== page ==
MBGA

While it might seem we should have one bigger agency running both BART and Caltrain to save administrative costs and get better coordination, bigger agencies are always worse. I really doubt that a bigger government agency would have overall less employees and make better decisions. It is ALWAYS the opposite. And if we combine Caltrain and BART, then logically the next step would be to combine the other transportation agencies and modes in the bay area, and then California, and then let’s combine all the transportation in the country. And then it all fits into one big world strategy of control. Kind of like a new worldish orderish sort of thing. -- Don’t like it. Don’t want it.

And another thing. I don't expect to go back to normal for long. 1) midterms are coming up and 2) a lot of energy has gone toward creating vex passes and digital passports. I don’t think those guys working on it have been laid off.

Christopher Cooke

there was an article in SF Chronicle yesterday about all of the big companies downtown ordering their employees back to the office for work. MBGA, I think if agencies were consolidated we would or should have better coordinated schedules serving the riders. Right now you can take a BART train to Millbrae but have to wait almost an hour because a southbound Caltrain left a few minutes earlier. Also , as you note, there could be operational efficiencies from a consolidated management. At least that is how things should be done

MBGA

I’ll proudly admit that I have never worked for the government, but I don’t see why it takes combining two agencies to get coordination of schedules. It just requires one intelligent and knowledgable hands-on type of person from each agency talking to each other a bit. Not a large group of affirmitive action managers meeting for months and years.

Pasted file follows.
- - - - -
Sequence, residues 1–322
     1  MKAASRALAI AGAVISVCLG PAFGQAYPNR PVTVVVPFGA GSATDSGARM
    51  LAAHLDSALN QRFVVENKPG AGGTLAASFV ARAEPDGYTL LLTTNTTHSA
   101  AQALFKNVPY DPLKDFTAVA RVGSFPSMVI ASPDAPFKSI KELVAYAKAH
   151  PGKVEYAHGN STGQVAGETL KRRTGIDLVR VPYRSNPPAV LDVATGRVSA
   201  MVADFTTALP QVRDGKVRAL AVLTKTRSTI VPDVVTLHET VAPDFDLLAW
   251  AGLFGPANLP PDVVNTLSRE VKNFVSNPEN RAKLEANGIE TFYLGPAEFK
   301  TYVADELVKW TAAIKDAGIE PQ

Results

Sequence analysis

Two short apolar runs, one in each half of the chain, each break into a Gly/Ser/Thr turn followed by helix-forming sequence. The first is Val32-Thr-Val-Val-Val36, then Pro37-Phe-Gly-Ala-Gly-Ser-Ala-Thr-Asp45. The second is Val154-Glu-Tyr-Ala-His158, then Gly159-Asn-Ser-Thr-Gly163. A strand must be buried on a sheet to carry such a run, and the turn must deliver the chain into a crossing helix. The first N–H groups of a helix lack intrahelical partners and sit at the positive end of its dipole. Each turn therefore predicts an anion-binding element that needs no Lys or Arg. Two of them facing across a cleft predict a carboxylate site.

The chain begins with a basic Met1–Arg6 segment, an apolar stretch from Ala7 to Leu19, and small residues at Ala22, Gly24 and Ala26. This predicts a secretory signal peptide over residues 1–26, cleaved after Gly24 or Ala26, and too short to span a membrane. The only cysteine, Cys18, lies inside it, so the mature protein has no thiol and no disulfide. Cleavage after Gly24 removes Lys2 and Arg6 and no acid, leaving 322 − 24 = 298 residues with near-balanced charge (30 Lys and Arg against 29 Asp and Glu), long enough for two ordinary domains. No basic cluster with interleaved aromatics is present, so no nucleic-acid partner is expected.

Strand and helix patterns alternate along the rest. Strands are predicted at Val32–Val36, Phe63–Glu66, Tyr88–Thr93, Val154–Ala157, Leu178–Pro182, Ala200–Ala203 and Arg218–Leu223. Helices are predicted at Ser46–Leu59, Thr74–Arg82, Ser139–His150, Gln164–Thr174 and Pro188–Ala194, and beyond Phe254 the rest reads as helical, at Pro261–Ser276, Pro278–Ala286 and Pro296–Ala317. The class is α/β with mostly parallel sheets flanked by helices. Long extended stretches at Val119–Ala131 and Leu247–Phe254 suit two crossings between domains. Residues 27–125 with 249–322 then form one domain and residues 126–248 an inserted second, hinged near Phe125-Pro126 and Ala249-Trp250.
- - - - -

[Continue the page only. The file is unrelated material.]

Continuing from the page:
I know the problem of getting off BART in Milbrae and having to wait in the cold for 59.5 minutes for the next Caltrain to arrive in the evening. But that is an issue of the amount of trains that Caltrain can afford to run; it’s not that the schedules aren’t perfectly coordinated. Too much of the time there is no practicle way to perfectly coordinate them.

My experience in better times was that Caltrain for its part was almost always on time, except for the rare Darwinian event. But in contrast BART was often delayed with mechanical problems or criminal activity. So even if a bigger agency could set up a coordinated schedule, the bigger agency would inevitably lead to even more personel costs that would impact the maintenance budget and then with even less maintenance you’d have even more delays on BART, and then eventually have Caltrain cars breaking down too.

I have my fingers crossed that we’ll see full trains going up and down the peninsula again, but it wouldn’t take much for another virus to get unleashed and scare half the population back into their masked world. There’s always something lurking out there and I think we’ve proved that we are willing to critically disrupt everything to fight a virus that for >99% of the population is survivable.